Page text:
The forecasters are out in force as the US presidential election draws closer. And among the tea leaves being scrutinised are Google search results.
For economist Seth Stephens-Davidowitz, a comparison of recent search rates with comparable data from 2008 provides “a pretty good idea of the composition of the 2012 electorate”.
Such information, he argues in the New York Times, can provide an insight sometimes lacking in survey results.
“Despite the ubiquity of Google searching, and searchers’ demonstrated willingness to share their true feelings and unbridled thoughts on Google, what Americans are typing when they search remains surprisingly underutilised in political analysis,” he writes.
It’s a growing field – see for example this report.
Search data in the final few days before the election will be most revealing, but one of Stephens-Davidowitz’s most compelling finds so far is that “the largest black populations are, on average, Googling for voting information at rates similar to those of 2008, rather than 2004, levels” – encouraging news for Democrats.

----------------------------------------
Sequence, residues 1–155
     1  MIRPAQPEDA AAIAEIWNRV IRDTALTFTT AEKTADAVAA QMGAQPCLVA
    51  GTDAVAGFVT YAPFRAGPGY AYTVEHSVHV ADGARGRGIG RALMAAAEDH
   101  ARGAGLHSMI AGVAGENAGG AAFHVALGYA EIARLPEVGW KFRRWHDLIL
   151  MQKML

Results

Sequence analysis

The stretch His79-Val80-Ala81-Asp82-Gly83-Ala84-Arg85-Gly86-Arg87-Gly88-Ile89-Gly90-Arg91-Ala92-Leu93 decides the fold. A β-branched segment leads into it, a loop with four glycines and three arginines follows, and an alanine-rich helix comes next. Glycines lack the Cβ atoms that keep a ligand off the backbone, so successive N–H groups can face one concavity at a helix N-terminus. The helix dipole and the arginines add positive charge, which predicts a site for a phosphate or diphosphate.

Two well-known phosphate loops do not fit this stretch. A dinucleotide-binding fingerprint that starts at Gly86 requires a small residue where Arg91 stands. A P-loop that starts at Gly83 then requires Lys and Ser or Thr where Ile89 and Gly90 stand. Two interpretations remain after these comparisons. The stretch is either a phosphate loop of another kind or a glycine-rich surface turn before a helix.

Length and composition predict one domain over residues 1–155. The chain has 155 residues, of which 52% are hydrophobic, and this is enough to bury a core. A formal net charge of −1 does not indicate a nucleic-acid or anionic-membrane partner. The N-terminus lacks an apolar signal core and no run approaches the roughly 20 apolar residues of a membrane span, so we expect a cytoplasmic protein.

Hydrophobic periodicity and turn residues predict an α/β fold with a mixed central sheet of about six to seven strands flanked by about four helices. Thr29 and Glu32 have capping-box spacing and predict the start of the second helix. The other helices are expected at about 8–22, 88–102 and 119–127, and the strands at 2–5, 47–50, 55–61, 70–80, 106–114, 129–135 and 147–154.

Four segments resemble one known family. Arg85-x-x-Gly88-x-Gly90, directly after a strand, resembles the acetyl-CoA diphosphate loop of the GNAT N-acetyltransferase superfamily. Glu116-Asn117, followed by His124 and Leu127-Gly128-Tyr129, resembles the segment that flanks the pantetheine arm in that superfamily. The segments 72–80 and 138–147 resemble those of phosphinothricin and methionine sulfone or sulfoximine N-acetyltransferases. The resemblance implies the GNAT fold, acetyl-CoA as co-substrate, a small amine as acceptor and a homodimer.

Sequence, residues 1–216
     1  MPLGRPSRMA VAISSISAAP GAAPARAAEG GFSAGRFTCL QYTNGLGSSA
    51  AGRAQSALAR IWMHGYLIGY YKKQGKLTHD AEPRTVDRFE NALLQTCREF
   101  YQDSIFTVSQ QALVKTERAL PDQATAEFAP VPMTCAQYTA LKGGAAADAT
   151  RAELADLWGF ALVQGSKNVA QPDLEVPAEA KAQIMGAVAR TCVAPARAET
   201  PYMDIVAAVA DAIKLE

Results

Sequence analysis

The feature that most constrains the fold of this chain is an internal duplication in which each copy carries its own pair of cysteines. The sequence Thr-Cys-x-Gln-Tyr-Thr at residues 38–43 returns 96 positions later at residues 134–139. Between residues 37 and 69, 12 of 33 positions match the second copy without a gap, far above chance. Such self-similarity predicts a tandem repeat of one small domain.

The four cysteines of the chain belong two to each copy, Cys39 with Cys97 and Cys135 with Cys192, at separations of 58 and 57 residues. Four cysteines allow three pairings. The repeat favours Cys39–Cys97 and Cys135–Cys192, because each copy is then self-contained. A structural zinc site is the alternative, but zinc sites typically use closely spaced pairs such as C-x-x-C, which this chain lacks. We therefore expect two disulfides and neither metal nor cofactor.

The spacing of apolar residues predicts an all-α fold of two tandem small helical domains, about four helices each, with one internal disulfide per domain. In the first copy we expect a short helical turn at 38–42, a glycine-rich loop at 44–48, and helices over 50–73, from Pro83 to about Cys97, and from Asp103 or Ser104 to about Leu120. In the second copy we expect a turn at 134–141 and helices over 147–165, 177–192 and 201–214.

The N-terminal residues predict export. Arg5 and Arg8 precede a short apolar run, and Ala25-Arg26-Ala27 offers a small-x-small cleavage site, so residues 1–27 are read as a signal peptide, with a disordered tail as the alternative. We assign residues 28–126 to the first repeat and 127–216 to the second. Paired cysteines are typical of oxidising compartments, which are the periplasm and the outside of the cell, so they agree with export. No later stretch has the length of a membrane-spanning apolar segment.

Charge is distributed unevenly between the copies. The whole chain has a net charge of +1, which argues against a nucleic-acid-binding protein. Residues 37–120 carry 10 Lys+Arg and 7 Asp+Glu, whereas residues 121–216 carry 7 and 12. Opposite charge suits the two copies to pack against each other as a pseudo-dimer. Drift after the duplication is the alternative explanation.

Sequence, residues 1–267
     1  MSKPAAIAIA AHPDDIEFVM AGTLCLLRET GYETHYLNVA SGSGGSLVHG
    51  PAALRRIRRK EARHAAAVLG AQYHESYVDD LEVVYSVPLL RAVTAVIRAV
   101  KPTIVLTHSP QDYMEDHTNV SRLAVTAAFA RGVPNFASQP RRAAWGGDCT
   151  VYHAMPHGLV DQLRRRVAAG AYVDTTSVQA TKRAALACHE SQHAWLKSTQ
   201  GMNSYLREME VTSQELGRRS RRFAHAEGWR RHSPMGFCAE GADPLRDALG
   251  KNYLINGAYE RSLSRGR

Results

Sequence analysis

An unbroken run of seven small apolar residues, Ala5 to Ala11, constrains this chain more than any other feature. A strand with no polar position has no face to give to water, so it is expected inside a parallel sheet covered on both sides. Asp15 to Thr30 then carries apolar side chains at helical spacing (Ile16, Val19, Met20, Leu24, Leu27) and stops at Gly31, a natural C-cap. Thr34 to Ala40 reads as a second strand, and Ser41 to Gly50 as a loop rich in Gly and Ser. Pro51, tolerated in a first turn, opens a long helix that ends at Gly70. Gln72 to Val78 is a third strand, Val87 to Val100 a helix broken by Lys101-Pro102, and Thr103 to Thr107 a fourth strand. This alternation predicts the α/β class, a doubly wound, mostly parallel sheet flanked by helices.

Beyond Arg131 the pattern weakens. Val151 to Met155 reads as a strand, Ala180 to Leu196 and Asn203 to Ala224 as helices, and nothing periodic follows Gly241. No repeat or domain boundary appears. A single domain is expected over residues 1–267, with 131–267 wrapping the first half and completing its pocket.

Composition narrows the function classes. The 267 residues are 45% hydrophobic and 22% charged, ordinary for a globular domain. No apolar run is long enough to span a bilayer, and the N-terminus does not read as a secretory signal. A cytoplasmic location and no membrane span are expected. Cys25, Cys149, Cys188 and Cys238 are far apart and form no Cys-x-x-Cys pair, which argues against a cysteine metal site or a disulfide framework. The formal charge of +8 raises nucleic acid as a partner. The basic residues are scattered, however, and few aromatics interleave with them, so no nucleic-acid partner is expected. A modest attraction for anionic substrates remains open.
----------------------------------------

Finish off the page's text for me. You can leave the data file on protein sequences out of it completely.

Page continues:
The method turns up other, more disturbing discoveries along the way.
Such as: “On election day in 2008, roughly one in 100 searches that included ‘Obama’ also included ‘KKK’ or ‘nigger’.”
Or: “Every month, about 5,000 people ask Google about Mitt Romney’s underwear choice.”
And: “’Paul Ryan shirtless’ is currently Googled nine times more often than ‘Paul Ryan budget’.”